Text adapted by Tonia Long

Quote of the day

DAILY QUOTE for July 5, 2020

Excellence is an art won by training and habituation. We do...

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July 5

 

Excellence is an art won by training and habituation.
We do not act rightly because we have virtue or excellence,
but we rather have those because we have acted rightly.
We are what we repeatedly do.
Excellence, then, is not an act but a habit.

Aristotle


My Mother, I will stand with you on OCTOBER 10, 2020

Saint of the day

SAINT OF THE DAY

St. Elizabeth of Portugal

Her goodness went as far as raising her husband’s illegiti...

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St. Elizabeth of Portugal

Elizabeth of Portugal known as “The Holy Queen” was born Isabel of Aragon in Zaragoza, Spain, the daughter of King Pedro III of Aragon and Queen Constanza of Naples. She was named after her great aunt, St. Elizabeth of Hungary.

From childhood, having received a most Christian upbringing, she learned to practice self-discipline, mortification of wayward tendencies, the avoidance of sin and the pursuit of virtue, prayer and union with God’s holy will.

Beautiful, talented and good, she was sought in marriage by several European monarchs, and was ultimately betrothed by proxy at the age of thirteen to King Dinis of Portugal.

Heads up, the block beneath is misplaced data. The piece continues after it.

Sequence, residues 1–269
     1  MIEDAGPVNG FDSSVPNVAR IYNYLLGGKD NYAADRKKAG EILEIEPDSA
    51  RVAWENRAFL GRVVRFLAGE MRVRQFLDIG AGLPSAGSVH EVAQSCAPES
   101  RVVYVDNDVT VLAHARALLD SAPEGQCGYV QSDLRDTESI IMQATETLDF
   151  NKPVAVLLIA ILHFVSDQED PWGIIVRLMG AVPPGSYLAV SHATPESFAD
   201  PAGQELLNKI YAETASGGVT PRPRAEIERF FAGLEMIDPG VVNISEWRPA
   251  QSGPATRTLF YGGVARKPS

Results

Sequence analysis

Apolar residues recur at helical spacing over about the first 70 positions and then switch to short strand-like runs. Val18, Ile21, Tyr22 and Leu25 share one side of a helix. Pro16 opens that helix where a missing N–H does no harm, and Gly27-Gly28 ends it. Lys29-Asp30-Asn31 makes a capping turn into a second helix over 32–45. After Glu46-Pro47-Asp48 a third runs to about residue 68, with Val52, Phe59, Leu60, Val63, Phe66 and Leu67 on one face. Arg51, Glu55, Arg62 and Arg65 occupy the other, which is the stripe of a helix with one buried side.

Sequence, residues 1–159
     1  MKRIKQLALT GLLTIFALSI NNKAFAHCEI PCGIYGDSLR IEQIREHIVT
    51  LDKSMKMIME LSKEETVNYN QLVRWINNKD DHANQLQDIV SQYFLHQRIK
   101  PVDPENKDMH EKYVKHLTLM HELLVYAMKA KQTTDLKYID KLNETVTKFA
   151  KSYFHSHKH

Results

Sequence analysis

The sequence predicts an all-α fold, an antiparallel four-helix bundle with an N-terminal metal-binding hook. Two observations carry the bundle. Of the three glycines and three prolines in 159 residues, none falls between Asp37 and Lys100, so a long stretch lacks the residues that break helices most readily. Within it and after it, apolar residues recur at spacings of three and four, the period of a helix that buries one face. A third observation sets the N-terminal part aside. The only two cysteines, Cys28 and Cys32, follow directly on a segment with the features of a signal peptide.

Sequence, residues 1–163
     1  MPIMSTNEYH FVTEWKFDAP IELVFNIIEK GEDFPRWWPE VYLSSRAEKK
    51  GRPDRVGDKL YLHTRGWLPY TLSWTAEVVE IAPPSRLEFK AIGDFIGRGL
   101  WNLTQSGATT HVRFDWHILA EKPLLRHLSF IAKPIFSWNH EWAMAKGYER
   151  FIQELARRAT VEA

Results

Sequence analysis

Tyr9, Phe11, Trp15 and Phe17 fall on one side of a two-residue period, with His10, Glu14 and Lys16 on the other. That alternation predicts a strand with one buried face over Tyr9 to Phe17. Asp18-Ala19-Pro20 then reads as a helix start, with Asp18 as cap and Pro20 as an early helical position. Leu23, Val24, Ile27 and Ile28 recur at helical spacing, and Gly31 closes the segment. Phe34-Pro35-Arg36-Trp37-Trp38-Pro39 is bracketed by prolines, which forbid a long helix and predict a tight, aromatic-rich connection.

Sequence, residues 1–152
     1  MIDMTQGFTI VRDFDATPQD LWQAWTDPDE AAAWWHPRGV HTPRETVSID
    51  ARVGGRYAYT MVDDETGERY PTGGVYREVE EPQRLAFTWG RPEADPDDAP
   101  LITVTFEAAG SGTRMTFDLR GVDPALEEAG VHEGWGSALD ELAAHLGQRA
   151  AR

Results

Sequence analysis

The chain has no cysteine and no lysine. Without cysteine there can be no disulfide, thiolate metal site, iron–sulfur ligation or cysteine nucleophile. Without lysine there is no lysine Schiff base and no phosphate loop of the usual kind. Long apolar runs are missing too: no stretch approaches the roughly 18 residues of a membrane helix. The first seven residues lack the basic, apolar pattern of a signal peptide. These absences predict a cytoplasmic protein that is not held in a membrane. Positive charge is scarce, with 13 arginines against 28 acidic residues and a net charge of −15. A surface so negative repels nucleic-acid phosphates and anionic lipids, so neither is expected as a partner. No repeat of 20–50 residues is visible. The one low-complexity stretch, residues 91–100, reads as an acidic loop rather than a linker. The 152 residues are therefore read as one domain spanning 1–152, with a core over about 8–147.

A year and a half later she arrived in Portugal to assume her responsibilities as queen. Although he was an able ruler, her husband had an irate temper and sinful habits. While he respected and revered his queen, he was unfaithful to her and had several illegitimate children.

Elizabeth bore the conjugal betrayal with exquisite patience and heroic magnanimity, praying continuously for her wayward spouse. She and Dinis had two children: Constanza and Alfonso.

The young queen started her day with Mass and prayer, and then proceeded to see to the governance of her palace. In the free moments she sewed and embroidered with her ladies for the poor, and personally tended to their needs. Afternoons were dedicated to the care of the elderly, the poor or anyone else in want.